The Da Vinci Code
2006Director: Ron Howard
Cast: Tom Hanks, Audrey Tautou, Ian McKellen
n the three years since Dan Brown wrote The Da Vinci Code, the wildly successful book has inspired quite a fuss. Christians throughout the world have raised well-publicized questions regarding the book’s validity and re-revered those softer ecumenical foundations upon which Brown based his thriller; Catholics elected a new pope somewhere in there as well, but that, apparently, was less important.
Now that director Ron Howard has turned the book into a summer blockbuster, the fuss has returned. In fact, part of Sony’s ingenious marketing campaign for the film was to stir up controversy to boost interest and, therefore, attendance. Consequently, it has become difficult to remember one essential fact: The Da Vinci Code is a work of fiction. Indeed, by most accounts, it is a clumsy, poorly-constructed work of pop fiction, a thriller more significant as a cultural phenomenon than as a piece of writing.
Remember, too, that Howard has made a film, rather than a novel. While book authors have all the space they need to create mood, plot, and character, film directors do not get much more than an hour and a half (unless you’re Peter Jackson or, in this case, Ron Howard). And while filmmakers have available to them a visual language, writers—try as they might to vividly describe a scene—are subject to a reader’s imagination: a picture is worth 1,000 words. Thus, the most critically successful films based on popular books in recent years—the third Harry Potter, Pride and Prejudice—were ones that ignored their book’s popularity and details in favor of essential story and the visual and cinematic points supporting it.
Howard’s Da Vinci Code is fast, whipping through a complex array of twists and turns in record time for a thriller pseudo-epic (2 hours and 29 minutes, packed to the edges). Nevertheless, Howard develops some moments of genuine thrill and excitement, working well with cinematographer Salvatore Totino’s beautiful images of Paris, rural France, and London, and Hans Zimmer’s suitably over-wrought score. The difficulty is not the film’s speed, then. It’s what Howard and screenwriter Akiva Goldsman sacrifice along the way—most glaringly, respect for the audience’s intelligence.
The principals, symbologist Robert Langdon (Tom Hanks) and French police specialist Sophie Neveu (Audrey Tautou), work through the story’s problems and riddles aloud, not conversing but telling each other details both experts should already know and blurting out obvious facts. In an early scene in the Louvre, when a clue leads Langdon to Da Vinci’s most famous painting, the Mona Lisa, Neveu tells him, “It’s just in the other room.” Tautou’s line is ridiculous on several levels. First, people of Langdon and Neveu’s intelligences would surely know where the Mona Lisa is kept without saying anything. Second, if Tautou’s line was included for the audience’s benefit, it is unnecessary. The audience would draw the fairly safe conclusion that the Mona Lisa is in the Louvre when it saw the painting in the very next shot. While this is a simplistic example, it shows that Howard and Goldsman’s efforts to keep the audience informed border on the absurd; you begin to feel like you’re a child being led through the story by hand.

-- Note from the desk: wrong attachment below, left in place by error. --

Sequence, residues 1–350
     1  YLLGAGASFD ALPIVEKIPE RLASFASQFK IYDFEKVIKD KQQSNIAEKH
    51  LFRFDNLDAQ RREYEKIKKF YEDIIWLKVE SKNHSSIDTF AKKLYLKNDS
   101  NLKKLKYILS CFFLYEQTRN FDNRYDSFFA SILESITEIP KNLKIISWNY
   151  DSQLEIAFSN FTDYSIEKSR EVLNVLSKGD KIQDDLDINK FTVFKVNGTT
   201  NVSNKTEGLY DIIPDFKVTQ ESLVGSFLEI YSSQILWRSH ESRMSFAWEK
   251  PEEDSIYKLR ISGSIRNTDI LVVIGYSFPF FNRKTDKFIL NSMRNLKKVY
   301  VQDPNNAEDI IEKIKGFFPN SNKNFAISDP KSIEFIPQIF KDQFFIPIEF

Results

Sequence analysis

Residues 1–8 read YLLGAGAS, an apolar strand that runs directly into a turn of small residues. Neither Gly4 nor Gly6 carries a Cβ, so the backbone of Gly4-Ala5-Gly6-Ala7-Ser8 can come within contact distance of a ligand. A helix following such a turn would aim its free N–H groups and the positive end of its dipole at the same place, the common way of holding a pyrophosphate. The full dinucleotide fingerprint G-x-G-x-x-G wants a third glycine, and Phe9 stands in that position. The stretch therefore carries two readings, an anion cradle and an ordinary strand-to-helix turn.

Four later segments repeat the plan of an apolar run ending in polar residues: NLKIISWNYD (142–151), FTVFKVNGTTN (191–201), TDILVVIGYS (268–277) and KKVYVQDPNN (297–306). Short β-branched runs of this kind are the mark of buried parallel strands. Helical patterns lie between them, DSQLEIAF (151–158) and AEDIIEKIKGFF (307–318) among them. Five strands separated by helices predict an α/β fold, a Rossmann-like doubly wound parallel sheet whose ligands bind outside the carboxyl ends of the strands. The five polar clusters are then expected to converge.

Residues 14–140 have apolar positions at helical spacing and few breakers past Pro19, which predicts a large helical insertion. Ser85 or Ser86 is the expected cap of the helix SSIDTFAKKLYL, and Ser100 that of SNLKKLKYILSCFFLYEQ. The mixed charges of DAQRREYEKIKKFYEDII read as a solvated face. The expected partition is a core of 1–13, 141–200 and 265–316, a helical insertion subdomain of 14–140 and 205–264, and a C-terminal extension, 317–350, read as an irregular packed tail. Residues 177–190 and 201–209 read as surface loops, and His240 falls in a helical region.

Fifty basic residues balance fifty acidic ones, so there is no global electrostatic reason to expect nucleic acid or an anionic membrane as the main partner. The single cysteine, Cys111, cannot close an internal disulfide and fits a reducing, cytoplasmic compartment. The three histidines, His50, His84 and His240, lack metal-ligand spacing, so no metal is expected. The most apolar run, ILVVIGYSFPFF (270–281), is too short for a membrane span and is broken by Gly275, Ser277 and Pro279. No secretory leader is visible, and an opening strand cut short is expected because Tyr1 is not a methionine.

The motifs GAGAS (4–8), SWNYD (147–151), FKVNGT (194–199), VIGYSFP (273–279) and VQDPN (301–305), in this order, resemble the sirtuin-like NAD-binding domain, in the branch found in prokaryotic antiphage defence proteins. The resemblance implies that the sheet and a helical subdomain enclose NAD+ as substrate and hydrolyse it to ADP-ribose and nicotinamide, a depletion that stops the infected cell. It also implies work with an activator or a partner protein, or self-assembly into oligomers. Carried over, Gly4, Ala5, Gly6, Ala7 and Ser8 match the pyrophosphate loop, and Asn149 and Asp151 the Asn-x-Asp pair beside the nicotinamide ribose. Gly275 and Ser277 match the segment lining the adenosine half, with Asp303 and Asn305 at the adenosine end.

The same could be said of the film’s most imaginative visual. Hanks’ Langdon, in turning away from his companions to solve a riddle, sees the problem appear in space before him. Parts of the code light up, other parts move and combine. In one instance, in the room of Ian McKellen’s English scholar with the wonderfully-absurd name, Sir Leigh Teabing (kudos to you, Mr. Brown), the illumination is done physically on a computer screen. The visual device keeps the audience up to date, certainly, and is at least an effort to keep Langdon and Neveu from talking so often to themselves. But it’s also far too reminiscent of Howard’s other code-breaking movie, A Beautiful Mind. In fact, the device is exactly the same.
The Da Vinci Code is, in a word, unconvincing. The technical or obvious dialogue exchanged between the lead characters make the film’s moments of true emotional weight—such as Neveu’s confrontation with the sadistic monk who killed her grandfather—feel forced and foolish: “Your God doesn’t forgive murderers,” Neveu says to Paul Bettany’s monk Silas, “He burns them.” The same lack of nuance renders Langdon and Neveu’s supposedly budding romantic relationship non-existent, which would not be a problem, except that in a dramatic moment when both are held hostage, it comes into play.
This bulkiness is a shame, given the level of talent assembled for the film. McKellen is gamely engaging, while extraordinary actors like Bettany, Jean Reno, and Alfred Molina do their best in underwhelming roles: villains without much motive save villainy. In the end, the talent goes to waste. As controversial as its subject has become, The Da Vinci Code the movie is inoffensive, indistinct, and perhaps worst of all, inconsequential. It creates no emotional impression beyond thrills, and takes the viewer no further than the viewer is led by the film’s heavy hand.
The Da Vinci Code is in theaters across the country now.
By: Arthur Ryel-Lindsey
Published on: 2006-05-22